This story is published in YFile’s New Faces Feature Issue 2022. Every September, YFile introduces and welcomes those joining the York University community, and those with new appointments.
The Faculty of Environmental and Urban Change (EUC) welcomes three new faculty members this fall: Mahtot Gebresselassie, Adeyemi Oludapo Olusola and Joshua Thienpont.
“The Faculty of Environmental and Urban Change is excited to welcome Professors Mahtot Gebresselassie, Adeyemi Olusola and Joshua Thienpont as the newest members of our academic community,” said EUC Dean and Professor Alice Hovorka. “They bring with them a wealth of knowledge and skills within their respective fields – students and colleagues alike will benefit from their expertise and commitments to justice and sustainability.”
Mahtot Gebresselassie is an architect, urban planner, educator and social-science researcher with research interests in smart mobility and equity, accessible urban and digital spaces, urban design, human-computer interaction (HCI), Uber and Lyft transportation in unusual events, and the sharing economy in the transportation sector. Most of her research focuses on Uber and Lyft and transportation equity in relation to people with disabilities and low-income earners.
Her current research centres on Uber and Lyft usage disparity during extreme weather, comparing the two companies’ usage during heatwaves between high- and low-income neighbourhoods in New York City. For further information about Mahtot, visit her personal webpage, which details her research, teaching, publications and architecture portfolio.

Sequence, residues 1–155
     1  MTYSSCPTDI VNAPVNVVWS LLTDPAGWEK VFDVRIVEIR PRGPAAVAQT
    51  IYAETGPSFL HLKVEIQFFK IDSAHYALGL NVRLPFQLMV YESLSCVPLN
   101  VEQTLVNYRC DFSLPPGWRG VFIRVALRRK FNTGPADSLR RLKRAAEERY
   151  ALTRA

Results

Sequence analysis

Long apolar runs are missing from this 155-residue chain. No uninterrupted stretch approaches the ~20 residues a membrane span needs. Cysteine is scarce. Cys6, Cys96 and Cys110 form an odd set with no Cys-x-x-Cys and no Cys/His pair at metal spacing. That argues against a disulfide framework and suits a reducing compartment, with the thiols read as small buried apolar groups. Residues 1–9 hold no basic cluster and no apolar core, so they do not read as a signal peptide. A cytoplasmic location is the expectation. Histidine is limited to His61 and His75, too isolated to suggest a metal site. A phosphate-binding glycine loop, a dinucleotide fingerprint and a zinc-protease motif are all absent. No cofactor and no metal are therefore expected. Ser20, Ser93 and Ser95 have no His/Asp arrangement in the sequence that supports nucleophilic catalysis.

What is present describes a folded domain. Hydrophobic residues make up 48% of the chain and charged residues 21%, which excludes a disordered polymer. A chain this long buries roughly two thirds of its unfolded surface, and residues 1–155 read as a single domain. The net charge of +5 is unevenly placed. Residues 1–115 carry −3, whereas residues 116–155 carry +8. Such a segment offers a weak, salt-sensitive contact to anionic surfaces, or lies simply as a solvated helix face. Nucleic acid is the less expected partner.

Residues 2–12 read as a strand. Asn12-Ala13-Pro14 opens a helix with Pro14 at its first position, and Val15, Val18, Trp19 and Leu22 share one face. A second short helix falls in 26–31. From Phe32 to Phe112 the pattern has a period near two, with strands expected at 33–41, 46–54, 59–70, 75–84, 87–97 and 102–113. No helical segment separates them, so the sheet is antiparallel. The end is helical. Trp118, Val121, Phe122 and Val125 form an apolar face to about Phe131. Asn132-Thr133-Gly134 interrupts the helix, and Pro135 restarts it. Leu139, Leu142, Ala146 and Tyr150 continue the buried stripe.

Adeyemi Oludapo Olusola
Adeyemi Oludapo Olusola is a physical geographer with research and teaching interests in fluvial geomorphology, ecohydrology, environmental science as well as GIS/remote sensing. His other research interests include landscape evolution, polluted pathways and sediment fingerprinting. He completed his postdoctoral research at the University of Free State in South Africa and has served as a lecturer at the University of Ibadan and Osun State University, both in Nigeria. He finished his PhD at University of Ibadan with a dissertation on the process-form dynamics of Upper Ogun River Basin in Southwestern Nigeria.
Joshua Thienpont’s teaching and research focus on landscape disturbances and how they impact ecosystem processes. He is particularly interested in studying the connection between physical disturbances and ecosystem changes, including the biogeography of organisms. His current research examines how marine storm surges in the Mackenzie Delta of the western Canadian Arctic result in widespread salinization, fundamentally altering terrestrial and aquatic ecosystems. He uses lake sediment records to reconstruct past environments where direct monitoring data are sparse or absent.